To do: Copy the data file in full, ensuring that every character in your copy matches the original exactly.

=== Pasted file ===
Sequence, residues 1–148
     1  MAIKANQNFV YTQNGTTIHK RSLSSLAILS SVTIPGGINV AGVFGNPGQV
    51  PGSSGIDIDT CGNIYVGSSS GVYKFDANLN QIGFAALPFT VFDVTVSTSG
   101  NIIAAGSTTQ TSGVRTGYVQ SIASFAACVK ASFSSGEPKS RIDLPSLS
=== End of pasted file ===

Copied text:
Sequence, residues 1–148
     1  MAIKANQNFV YTQNGTTIHK RSLSSLAILS SVTIPGGINV AGVFGNPGQV
    51  PGSSGIDIDT CGNIYVGSSS GVYKFDANLN QIGFAALPFT VFDVTVSTSG
   101  NIIAAGSTTQ TSGVRTGYVQ SIASFAACVK ASFSSGEPKS RIDLPSLS